10 Colorful Facts About Mantis Shrimp
"Beautiful" and "deadly" are two descriptors you don’t typically see attached to shrimp. But the mantis shrimp is in a class of its own. This colorful specimen has earned a reputation for being one of the most fearsome creatures of the deep. Here are 10 facts worth knowing about the pint-sized bruisers.
1. Mantis shrimp aren't actually shrimp.
Despite their namesake and relatively puny stature, mantis shrimp aren’t shrimp at all. (Neither, of course, are they mantises.) They're stomatopods, distant relatives to crabs, shrimp, and lobsters.
2. They pack a powerful punch.
The peacock mantis shrimp (Odontodactylus scyllarus) uses two appendages called dactyl clubs to pummel prey like aquatic Rock 'Em Sock 'Em Robots—that is, if kids’ toys could punch fast enough to boil water and split fingers to the bone. These wrecking ball "fists" spring forth from their bodies at 50 mph, accelerating quicker than a .22-caliber bullet. At those speeds, the water surrounding them briefly reaches the temperature of the Sun’s surface. When the dactyl clubs hit their target, they deliver 160 pounds of force, smashing through shells like a lightning-fast crab mallet.
3. There are hundreds of species of mantis shrimp.
Mantis shrimp come in a variety of species, and we’re aware of about 550 of them. Stomatopods from different species range in size from smaller than an inch to longer than a foot. They’re usually classified by murder method—either smashing, as detailed above, or spearing. In place of dactyl clubs, spearers have two sharp appendages on the front of their bodies built for harpooning prey. Spear-wielding mantis shrimp don’t move as fast as their club-fisted counterparts (their strikes are about 10 times slower), but the threat of death by impalement is intimidating on its own.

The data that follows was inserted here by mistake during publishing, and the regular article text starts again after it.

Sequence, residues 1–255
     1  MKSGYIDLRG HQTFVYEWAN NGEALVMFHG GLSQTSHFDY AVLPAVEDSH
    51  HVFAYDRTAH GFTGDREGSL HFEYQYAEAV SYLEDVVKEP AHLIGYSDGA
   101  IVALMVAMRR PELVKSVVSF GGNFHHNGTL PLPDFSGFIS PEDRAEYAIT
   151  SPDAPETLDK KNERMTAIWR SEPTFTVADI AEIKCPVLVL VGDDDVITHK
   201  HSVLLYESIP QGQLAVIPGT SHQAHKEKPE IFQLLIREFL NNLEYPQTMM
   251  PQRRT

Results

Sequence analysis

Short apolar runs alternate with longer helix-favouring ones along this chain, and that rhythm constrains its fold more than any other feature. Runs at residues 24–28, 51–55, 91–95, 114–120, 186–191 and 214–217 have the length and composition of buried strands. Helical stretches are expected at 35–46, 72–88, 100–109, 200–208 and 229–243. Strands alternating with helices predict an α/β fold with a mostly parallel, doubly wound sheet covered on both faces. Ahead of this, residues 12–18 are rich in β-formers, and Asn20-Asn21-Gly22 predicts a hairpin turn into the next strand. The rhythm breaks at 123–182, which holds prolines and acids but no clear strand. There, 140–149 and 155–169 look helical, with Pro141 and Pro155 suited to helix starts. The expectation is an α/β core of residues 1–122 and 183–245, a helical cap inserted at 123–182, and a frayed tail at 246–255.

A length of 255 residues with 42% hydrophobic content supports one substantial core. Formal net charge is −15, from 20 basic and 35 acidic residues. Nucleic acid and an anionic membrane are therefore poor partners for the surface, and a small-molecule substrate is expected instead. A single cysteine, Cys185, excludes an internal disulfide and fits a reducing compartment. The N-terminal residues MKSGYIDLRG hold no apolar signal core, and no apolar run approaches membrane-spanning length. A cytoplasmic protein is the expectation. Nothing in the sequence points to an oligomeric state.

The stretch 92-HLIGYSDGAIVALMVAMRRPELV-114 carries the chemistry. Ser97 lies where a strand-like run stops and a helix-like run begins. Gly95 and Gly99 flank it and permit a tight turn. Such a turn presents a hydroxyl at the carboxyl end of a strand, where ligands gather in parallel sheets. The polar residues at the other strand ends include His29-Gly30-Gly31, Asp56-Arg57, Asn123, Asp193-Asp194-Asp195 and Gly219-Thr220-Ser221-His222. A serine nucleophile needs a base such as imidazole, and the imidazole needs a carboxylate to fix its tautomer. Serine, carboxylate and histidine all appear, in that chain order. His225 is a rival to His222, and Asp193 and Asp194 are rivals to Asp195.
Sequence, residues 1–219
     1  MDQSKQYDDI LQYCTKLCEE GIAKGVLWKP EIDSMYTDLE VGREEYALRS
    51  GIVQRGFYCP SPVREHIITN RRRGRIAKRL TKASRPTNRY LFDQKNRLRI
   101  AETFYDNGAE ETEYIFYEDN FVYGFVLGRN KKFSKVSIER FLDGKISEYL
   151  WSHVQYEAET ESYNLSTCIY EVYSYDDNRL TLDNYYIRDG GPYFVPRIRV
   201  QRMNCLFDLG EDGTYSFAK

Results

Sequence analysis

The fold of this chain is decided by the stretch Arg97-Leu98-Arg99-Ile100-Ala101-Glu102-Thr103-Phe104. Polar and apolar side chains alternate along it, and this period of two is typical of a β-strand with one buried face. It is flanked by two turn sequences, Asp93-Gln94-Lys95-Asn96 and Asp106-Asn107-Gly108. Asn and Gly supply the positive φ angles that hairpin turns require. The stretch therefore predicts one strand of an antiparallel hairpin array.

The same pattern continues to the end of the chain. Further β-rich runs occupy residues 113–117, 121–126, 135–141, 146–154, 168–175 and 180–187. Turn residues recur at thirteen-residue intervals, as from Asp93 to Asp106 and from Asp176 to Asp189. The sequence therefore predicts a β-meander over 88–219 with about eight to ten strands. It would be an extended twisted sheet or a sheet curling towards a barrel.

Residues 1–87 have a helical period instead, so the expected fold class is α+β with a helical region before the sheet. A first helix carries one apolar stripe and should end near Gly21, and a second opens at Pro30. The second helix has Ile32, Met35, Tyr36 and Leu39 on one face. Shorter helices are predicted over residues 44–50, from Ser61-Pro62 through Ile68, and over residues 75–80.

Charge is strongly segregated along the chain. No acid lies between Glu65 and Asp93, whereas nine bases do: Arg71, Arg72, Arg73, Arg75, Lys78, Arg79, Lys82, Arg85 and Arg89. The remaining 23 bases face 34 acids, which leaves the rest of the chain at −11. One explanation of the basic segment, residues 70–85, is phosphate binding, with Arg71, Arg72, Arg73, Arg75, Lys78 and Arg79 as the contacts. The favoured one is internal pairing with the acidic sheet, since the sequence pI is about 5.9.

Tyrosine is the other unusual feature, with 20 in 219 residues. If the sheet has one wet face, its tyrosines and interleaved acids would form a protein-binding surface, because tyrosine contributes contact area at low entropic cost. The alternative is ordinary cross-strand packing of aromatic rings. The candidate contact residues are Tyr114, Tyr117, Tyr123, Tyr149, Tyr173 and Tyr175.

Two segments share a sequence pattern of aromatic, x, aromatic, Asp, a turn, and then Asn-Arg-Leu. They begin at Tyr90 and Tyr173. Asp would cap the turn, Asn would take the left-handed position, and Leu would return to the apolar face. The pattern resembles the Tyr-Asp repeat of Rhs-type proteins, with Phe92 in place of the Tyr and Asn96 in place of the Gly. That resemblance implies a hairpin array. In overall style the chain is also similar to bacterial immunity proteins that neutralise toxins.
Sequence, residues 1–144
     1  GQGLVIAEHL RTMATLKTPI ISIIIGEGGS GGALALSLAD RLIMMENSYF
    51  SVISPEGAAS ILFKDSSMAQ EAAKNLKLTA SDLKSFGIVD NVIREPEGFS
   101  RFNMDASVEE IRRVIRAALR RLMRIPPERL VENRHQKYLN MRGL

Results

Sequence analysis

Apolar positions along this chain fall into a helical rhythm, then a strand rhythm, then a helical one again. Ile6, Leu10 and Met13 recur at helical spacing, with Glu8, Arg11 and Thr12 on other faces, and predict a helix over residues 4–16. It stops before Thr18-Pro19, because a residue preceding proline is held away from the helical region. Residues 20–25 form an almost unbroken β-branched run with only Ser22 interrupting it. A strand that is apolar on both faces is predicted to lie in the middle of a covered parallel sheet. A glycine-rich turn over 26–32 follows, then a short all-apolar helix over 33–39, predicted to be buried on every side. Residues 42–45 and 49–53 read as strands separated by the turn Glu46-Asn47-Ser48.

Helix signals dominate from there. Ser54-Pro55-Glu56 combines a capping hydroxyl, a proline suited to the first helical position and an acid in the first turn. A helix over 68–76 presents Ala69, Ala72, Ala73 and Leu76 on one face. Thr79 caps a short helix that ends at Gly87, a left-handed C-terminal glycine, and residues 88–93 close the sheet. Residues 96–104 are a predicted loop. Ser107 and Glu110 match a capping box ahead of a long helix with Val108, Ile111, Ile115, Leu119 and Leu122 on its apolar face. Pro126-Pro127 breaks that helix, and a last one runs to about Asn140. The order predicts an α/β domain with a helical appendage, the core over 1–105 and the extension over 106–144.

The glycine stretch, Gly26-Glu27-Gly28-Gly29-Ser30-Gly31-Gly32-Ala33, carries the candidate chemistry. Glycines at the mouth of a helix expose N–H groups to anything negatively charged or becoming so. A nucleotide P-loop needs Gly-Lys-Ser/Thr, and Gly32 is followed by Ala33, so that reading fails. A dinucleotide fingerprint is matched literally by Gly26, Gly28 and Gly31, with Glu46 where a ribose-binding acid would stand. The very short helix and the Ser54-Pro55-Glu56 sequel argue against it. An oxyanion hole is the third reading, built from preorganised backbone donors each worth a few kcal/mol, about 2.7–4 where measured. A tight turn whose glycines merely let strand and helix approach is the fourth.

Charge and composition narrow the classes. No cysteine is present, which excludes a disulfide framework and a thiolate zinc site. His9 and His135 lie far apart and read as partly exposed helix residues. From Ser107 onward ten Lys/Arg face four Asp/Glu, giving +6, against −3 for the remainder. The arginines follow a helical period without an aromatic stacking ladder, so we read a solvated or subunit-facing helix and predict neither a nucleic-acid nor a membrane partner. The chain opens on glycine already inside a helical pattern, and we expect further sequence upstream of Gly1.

4. Their vision is unparalleled.
Peacock mantis shrimp have the most complex set of peepers in the animal kingdom. Each eye contains 12 photoreceptors that allow them to sense different types of color. For comparison, human eyes typically contain three types of light-sensitive cells for seeing red, blue, and green. This has led some to conclude that mantis shrimp perceive the world in a psychedelic rainbow of vibrant color we can’t begin to comprehend. But in reality, the crustaceans are actually worse at differentiating between subtle variations in hue than we are.
A study from the University of Queensland found that when mantis shrimp were shown colors with a difference in wavelength less than 25 nanometers, they had trouble telling them apart. But just because mantis shrimp may not see the variations between powder blue and periwinkle doesn’t mean their vision isn’t extraordinary. On the contrary, their optic abilities are on a completely separate level from ours, functioning more like a satellite than anything found in nature. Scientists believe that mantis shrimp take all the visual information they see into their brains at once without processing it, allowing them to react to their surroundings as quickly as possible. Their independently roaming eyes and trinocular vision also make them excellent hunters.
5. They share a secret language.